18

The Applicants accept the financial difficulty in which Irish Bus finds itself. They acknowledge the need for change. But they take issue with certain of the proposals contained in the viability plan, not because they are not justified from an economic or commercial point of view but because they say they infringe their legal rights.

THE APPLICANTS
(a) Michael Rafferty
19

This Applicant is 56 years of age. He is employed as a driver by Irish Bus. Prior to its formation, he was employed in the same capacity by CIE having taken up his post in 1967. He resides in Monaghan town and he works a six-day week from Monday to Saturday. His roster of duties is, like all other rosters involving drivers, known as a "board". He has been working the same board for the last 17 years. It consists of the following.

20

He begins work at 1.40 p.m. at the garage in Monaghan when he books on. He collects his ticket machine and tickets and makes his way to his bus which he inspects for roadworthiness. He then loads the passengers and luggage and departs for Letterkenny at 2.00 p.m. He arrives there at 4 p.m. where the passengers disembark. He then books off duty until 5.05 p.m. when he repeats the process in reverse arriving back in Monaghan at 7.45 p.m. He then cashes in his receipts, makes up his tickets and books off for the night at 9.00 p.m. On a Friday night, upon return from Donegal, he undertakes a return trip to Clones. On alternative weeks, from Monday to Friday, he also undertakes a return trip to the Regional College in Dundalk departing from Monaghan at 7.50 a.m. and returning at 10 a.m.

21

On the 23rd September, 1996, he was informed that his particular duty was being abolished but that he could apply for other duties. These other duties would have ensured that Monaghan could remain his base but he would be involved in driving different routes than theretofore. He declined to take up this offer.

22

On the 4th October of this year, he was advised of a new board in Monaghan including a route to Dundalk together with additional...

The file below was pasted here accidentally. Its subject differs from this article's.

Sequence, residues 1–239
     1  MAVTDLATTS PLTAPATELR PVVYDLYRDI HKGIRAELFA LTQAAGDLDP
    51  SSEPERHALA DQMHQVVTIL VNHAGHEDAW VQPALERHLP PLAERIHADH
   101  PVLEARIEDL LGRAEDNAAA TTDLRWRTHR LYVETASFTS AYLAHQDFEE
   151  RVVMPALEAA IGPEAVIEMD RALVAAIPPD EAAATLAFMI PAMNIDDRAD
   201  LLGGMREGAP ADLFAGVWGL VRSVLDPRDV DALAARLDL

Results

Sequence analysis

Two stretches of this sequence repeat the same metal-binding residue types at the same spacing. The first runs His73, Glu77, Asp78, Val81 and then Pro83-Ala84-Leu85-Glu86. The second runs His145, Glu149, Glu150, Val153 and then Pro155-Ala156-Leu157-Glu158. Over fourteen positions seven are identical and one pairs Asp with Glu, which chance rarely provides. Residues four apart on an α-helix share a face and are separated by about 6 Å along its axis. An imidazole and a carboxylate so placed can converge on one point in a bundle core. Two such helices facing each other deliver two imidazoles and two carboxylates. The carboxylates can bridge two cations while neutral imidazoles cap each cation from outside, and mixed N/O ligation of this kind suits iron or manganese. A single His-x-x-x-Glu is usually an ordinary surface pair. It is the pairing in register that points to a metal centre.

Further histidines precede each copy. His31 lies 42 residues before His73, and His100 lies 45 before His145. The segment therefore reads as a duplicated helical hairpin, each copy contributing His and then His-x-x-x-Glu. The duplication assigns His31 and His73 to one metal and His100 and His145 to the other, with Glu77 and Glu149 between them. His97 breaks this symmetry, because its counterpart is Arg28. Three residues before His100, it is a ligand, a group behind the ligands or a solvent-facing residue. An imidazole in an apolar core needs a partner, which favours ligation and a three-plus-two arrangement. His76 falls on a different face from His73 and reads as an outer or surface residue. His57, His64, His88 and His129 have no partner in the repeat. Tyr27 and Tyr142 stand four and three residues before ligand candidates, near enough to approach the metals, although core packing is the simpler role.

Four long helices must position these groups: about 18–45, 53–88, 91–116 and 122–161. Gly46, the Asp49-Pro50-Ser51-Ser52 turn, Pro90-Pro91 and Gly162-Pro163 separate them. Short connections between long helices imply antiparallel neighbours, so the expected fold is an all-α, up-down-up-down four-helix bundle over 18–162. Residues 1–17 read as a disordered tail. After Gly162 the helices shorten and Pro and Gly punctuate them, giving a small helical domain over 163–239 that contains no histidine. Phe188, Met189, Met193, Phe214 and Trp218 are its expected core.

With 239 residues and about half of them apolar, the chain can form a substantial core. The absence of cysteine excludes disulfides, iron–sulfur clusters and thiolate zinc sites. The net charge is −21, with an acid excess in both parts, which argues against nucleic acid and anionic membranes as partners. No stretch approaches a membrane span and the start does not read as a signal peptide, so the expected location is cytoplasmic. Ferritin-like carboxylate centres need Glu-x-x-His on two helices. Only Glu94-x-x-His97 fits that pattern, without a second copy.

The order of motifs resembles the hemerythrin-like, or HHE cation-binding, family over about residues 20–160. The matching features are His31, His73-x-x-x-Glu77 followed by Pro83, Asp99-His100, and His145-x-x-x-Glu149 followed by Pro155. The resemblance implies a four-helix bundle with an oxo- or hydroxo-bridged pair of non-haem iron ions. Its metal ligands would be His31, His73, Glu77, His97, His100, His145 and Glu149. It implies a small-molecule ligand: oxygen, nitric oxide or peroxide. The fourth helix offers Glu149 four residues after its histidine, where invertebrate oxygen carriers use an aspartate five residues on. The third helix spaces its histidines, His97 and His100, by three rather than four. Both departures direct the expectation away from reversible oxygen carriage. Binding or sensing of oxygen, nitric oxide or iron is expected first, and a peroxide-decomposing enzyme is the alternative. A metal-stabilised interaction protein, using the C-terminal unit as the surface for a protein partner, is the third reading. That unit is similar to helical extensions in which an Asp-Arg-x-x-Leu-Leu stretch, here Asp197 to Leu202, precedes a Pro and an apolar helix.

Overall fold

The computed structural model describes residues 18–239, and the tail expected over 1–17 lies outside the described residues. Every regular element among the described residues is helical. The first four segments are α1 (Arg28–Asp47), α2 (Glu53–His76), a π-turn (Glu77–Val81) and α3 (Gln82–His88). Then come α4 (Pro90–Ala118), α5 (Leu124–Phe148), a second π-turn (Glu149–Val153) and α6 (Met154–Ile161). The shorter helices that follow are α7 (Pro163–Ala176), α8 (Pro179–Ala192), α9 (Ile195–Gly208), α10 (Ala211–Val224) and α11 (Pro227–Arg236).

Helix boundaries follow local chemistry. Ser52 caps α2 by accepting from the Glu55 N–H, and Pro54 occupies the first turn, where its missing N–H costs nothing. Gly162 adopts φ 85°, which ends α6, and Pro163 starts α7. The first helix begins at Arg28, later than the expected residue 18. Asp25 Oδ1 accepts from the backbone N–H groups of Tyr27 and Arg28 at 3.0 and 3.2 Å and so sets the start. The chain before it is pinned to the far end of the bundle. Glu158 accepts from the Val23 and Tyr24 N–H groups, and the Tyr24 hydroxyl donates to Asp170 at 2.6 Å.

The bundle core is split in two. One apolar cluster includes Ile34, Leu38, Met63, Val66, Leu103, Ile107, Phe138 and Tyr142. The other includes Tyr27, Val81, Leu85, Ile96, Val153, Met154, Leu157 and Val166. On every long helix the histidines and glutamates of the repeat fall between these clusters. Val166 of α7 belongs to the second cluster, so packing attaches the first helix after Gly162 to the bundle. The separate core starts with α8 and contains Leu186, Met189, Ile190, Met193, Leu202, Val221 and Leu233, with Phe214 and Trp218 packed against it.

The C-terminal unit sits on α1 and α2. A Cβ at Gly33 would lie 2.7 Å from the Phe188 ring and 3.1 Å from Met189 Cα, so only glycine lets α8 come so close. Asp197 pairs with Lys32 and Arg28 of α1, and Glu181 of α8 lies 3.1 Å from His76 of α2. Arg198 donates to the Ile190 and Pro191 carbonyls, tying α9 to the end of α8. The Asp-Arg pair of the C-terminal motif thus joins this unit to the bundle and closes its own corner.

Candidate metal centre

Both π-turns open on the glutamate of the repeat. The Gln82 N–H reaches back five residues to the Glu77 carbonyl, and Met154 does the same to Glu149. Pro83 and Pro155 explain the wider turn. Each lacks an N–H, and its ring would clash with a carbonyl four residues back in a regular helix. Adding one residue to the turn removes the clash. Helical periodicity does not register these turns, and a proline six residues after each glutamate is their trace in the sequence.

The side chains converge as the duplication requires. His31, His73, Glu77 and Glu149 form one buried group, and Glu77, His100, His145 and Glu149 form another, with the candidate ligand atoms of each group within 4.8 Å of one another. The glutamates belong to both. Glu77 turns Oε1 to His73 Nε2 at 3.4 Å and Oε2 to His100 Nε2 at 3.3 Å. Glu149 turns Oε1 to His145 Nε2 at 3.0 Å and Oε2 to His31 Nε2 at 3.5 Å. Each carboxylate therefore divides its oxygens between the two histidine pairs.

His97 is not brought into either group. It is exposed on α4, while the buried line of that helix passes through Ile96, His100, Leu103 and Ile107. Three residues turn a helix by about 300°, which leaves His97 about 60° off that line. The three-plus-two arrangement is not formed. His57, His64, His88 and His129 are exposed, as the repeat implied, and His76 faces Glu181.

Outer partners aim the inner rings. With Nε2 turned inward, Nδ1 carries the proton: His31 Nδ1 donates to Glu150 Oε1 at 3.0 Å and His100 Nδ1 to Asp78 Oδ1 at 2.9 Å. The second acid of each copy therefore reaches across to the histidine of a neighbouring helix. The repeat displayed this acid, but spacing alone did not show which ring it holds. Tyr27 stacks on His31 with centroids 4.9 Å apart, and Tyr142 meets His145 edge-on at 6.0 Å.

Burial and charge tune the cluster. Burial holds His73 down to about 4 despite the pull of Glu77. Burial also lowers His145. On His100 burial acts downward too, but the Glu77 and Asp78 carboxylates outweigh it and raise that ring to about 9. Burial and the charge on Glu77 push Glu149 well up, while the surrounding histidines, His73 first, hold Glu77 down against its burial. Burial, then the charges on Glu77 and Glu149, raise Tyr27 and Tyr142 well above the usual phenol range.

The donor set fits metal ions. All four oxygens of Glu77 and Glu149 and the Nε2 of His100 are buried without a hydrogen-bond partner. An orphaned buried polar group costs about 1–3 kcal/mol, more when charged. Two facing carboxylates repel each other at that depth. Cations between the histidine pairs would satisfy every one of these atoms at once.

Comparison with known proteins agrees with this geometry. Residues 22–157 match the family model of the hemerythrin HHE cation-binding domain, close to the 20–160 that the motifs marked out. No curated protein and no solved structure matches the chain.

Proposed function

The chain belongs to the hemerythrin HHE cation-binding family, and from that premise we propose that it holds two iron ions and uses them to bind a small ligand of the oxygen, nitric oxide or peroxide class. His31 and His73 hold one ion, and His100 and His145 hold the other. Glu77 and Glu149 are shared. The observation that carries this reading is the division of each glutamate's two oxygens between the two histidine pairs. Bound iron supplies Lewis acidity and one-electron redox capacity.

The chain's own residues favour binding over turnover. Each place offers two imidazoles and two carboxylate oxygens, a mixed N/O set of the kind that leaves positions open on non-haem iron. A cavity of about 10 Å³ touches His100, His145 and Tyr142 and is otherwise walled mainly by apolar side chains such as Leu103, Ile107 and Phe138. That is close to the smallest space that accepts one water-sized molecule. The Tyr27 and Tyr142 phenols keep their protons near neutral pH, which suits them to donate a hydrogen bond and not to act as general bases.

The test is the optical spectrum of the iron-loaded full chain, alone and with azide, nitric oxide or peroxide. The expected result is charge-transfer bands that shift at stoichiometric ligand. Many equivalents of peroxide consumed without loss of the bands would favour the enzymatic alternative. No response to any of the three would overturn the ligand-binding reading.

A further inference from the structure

To continue reading

Request your trial
25 cases
  • Bane v Garda Representative Association
    • Ireland
    • High Court
    • 27 June 1997
    ...of judicial review. Geoghegan v. Institute of Chartered Accountants in IrelandIR [1995] 3 I.R. 86 and Rafferty v. Bus ÉireannIR [1997] 2 I.R. 424 approved. Beirne v. Commissioner of An Garda Síochána [1993] ILR.M 1 followed. Walsh v. Irish Red Cross SocietyIR [1997] 2 I.R. 479 considered. 2......
  • Evans v IRFB Services (Ireland) Ltd
    • Ireland
    • High Court
    • 11 April 2005
    ...carried out by the plaintiff in those proceedings on a part time basis. In applying the judgment of Kelly J. in Rafferty v. Bus Eireann [1997] 2 I.R. 424 the court held that the basic job description constitutes a condition of service. Thus the basic description may be distinguished from a ......
  • ADJ-00036626 - Workplace Relations Commission Gerard Tuohy v ESB Networks
    • Ireland
    • Workplace Relations Commission
    • 13 December 2022
    ...no obligation not to alter the structure of his business”.O’Cearbhaill & Ors was cited with approval by Kelly J. Rafferty v Irish Bus [1997] 2 IR 424. Kelly J. considered whether proposed changes which would affect bus drivers were changes in conditions of employment or work practices. Kell......
  • ADJ-00036596 - Workplace Relations Commission Sean Meyler v ESB Networks
    • Ireland
    • Workplace Relations Commission
    • 13 December 2022
    ...no obligation not to alter the structure of his business”.O’Cearbhaill & Ors was cited with approval by Kelly J. Rafferty v Irish Bus [1997] 2 IR 424. Kelly J. considered whether proposed changes which would affect bus drivers were changes in conditions of employment or work practices. Kell......
  • Request a trial to view additional results

VLEX uses login cookies to provide you with a better browsing experience. If you click on 'Accept' or continue browsing this site we consider that you accept our cookie policy. ACCEPT